Seeds of change
Susan Daly meets Dermot O'Neill, the Irish TV veteran who is now on the cusp of fame in America. Ronan Lang travelled to Co Laois for an exclusive preview of Dermot's 'secret garden.'
Last year, gardening expert Dermot O'Neill hopped on a plane out of Ireland, booked into a hotel and stayed in his room for a week.
"I became a recluse for a week. I took off abroad and did nothing. I ate in my room, I didn't go out -- I was like Howard Hughes," laughs Dermot. If it wasn't for the broad grin spreading across his face, I would be worried.
"I was very frazzled and I needed downtime. It was fantastic at that moment in time and it is not something I would do often. I am a free agent so I can up and go when I want to." Not a breakdown then, just a break.
This is classic Dermot O'Neill. Ireland's most dearly-loved gardener is more cheery than a bed of begonias. No matter what life throws at him -- and he is frank about a few thorny patches -- his default position is to get up and get on with it.
We were to meet in the gorgeous surroundings of the Botanic Gardens in Glasnevin, Dublin, but his hectic work schedule means I have to chase him down to an industrial estate in Finglas. It is where he is filming some of his new show for RTE, Super Garden, which kicks off next Tuesday at 8.30pm. Dermot mentors five people who would love to become fulltime garden designers and the transformations they achieve in ordinary gardens is quite remarkable, all on a budget of €10,000.
"You get to see the heartbeat of the operation," Dermot tells me. In just one week, he had been doing radio work for Derek Mooney's show, putting the latest issue of Garden Heaven magazine to bed, going to Chelsea and sticking to a punishing recording timetable for Super Garden.
This new show aims to find fresh garden design talent under Dermot's tutelage. The winner will get to create a garden at the Bloom 2009 festival. The five finalists, including a taxi driver, a veterinarian student and a former business executive, try to create "a real garden on a real budget for real clients".
Dermot says he is using "tough love" on his protégés and, nice guy though he is, you believe him. It is an approach that has served him well in his own career.
"I had a difficult period at one stage some time ago where I was focusing too much on one thing. It didn't work out and all of a sudden I was without a job and quite stretched financially," he reveals.
"If you have a boss who isn't particularly nice, work can be terrible. I was thinking, 'This isn't living, this is torture. I am miserable, I'm not happy'."
True to form, his survival instinct kicked in. "I thought, 'Do something about it, get up off your backside and change it'. The life lesson I learned from that was that I needed to diversify. Now I'm writing, I'm doing radio, I'm doing television, I put together books, I lecture, I travel and I do tours."
Dermot guides groups around some of the world's most magnificent gardens and calls the trips a "busman's holiday," but even as he tells you what hard work it is, his eyes are shining.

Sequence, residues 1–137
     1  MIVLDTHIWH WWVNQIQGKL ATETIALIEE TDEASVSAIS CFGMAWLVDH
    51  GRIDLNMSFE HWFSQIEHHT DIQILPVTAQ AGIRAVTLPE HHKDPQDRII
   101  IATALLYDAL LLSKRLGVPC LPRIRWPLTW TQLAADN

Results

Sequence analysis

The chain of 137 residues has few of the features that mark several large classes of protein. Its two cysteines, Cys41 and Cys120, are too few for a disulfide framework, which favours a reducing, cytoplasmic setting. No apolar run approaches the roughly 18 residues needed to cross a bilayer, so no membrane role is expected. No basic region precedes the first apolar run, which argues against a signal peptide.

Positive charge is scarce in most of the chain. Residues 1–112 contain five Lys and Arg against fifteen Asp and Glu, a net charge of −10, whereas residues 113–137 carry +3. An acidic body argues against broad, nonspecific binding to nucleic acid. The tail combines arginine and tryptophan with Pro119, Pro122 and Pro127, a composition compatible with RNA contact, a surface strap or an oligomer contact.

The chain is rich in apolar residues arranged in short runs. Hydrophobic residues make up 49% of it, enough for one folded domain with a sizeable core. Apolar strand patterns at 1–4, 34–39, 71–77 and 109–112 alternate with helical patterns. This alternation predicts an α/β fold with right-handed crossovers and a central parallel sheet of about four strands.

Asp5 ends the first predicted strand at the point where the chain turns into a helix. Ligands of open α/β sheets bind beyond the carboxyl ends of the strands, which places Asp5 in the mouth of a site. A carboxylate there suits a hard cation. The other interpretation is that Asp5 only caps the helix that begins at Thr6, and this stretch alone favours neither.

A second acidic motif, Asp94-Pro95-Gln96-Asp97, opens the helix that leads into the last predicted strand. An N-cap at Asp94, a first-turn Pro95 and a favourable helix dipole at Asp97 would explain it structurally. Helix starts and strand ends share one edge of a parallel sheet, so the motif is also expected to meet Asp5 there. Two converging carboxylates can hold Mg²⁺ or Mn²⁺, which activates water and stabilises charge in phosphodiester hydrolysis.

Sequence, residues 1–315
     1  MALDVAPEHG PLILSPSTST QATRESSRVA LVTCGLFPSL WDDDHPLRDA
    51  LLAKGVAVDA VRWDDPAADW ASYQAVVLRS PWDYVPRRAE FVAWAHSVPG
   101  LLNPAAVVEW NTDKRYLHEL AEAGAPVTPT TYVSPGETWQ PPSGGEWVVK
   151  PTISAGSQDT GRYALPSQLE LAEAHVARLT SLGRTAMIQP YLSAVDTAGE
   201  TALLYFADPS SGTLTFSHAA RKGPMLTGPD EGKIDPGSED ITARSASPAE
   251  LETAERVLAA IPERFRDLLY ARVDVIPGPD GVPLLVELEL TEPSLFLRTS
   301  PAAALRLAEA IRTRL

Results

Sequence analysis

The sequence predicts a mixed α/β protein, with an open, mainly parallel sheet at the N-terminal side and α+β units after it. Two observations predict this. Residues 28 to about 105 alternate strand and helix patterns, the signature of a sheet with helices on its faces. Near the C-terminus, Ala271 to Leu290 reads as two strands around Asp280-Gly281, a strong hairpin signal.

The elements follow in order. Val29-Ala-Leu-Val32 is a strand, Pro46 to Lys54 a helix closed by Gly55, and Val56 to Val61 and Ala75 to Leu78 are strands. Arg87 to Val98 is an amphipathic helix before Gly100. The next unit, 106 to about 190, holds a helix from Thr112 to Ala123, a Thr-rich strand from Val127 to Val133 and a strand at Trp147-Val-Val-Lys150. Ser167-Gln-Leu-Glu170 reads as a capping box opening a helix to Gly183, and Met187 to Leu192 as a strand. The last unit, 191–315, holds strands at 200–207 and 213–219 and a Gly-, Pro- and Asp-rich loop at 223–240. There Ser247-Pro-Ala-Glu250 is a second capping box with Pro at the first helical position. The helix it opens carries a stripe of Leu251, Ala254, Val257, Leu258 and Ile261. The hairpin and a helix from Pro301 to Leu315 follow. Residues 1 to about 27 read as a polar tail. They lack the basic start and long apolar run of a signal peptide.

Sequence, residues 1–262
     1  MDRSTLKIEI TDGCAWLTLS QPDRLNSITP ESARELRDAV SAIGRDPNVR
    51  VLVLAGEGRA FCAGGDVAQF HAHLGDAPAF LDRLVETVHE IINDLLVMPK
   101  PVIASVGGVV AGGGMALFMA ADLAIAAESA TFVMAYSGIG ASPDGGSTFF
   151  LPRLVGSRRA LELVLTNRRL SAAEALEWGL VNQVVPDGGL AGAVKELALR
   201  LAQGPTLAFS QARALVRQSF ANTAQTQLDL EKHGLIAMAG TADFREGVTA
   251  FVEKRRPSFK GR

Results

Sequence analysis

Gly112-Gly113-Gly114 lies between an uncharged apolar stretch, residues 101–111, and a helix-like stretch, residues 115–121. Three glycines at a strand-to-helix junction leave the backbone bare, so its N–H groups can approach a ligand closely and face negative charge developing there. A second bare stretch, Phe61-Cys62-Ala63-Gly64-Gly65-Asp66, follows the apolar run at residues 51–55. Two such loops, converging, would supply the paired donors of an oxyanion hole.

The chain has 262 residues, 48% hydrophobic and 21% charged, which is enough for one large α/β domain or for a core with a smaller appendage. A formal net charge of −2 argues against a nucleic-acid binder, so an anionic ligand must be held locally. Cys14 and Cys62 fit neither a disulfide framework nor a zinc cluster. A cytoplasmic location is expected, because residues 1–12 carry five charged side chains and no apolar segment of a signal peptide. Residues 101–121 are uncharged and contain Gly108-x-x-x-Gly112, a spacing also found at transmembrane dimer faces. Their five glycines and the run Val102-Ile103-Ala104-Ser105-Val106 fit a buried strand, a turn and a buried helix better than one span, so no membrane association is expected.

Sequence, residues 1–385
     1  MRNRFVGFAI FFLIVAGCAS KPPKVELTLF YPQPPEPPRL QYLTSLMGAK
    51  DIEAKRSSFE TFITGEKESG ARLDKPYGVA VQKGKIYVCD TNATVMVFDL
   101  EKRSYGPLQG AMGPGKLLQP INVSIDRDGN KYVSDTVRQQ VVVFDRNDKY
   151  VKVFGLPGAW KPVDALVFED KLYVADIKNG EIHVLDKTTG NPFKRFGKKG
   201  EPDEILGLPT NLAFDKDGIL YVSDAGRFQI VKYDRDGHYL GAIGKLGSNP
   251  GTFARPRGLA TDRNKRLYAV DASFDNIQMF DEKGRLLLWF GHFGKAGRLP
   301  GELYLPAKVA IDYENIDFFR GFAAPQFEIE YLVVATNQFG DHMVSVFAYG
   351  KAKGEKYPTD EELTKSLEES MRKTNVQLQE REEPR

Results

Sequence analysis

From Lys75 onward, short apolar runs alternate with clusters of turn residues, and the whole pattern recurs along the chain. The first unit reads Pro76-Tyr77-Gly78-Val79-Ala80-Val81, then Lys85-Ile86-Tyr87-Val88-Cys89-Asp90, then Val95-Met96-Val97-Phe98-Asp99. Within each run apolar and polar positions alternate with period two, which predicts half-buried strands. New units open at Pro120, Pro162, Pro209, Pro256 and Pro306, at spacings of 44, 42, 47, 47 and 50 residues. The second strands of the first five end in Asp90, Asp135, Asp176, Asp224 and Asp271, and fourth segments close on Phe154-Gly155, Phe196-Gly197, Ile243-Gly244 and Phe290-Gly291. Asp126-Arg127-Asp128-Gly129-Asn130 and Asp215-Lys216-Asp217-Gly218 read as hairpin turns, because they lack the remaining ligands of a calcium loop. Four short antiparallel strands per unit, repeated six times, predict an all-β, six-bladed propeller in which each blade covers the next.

"I took a group to China last year and because I have a personal interest in Chinese history, particularly the dynasties, it helped me enrich the guiding of the gardens that I did there," he says.
"A tour to South Africa was incredible; the landscape, the plants... fabulous. I'm just back from Versailles in Paris. We did Holland earlier in the year. In July, I'm doing the Italian lakes; we go to three garden islands on Lake Maggiore -- it's like stepping into paradise, the set of a fabulous movie. These buildings dripping with trailing bougainvillea, passion flowers..."
This is Dermot sitting in a warehouse in Finglas -- imagine how enthusiastic when he is actually on a tour.
His jetsetting has brought him far from his childhood in Blackrock, where summer holidays largely consisted of going down the road to potter in his maternal grandmother's garden.
"She was a very traditional gardener. She came from a farming background in Co Limerick and her own garden in Dublin was packed with produce; there were apple trees, rhubarb, it was full of flowers, roses, climbing plants, scented-leaf geraniums. I remember being sent out and told to pick the caterpillars off the cabbage. As a kid I thought this was fabulous," says Dermot, who cites his granny as the formative influence on his green fingers.
"At home, as a kid, I had a patch of the garden, but I didn't feel it was going to be a career. However, I took a job in the local garden centre, not far from my home in Blackrock, in Cabinteely. It's gone now, but back then it was called Marlfield and it was very well known."
Enter Dermot's next mentor, a man by the name of Barney Johnson. "He owned Marlfield, and he had a gardening programme on television. I adored working there."
The seed was sown for Dermot. From Marlfield he went to the horticultural unit in UCD and spent his summers working in their greenhouses on cutting-edge projects, such as hydroponics (growing plants in mineral liquid solutions instead of soil). Eventually, he returned to Marlfield for a full-time job. In 1982, television came knocking.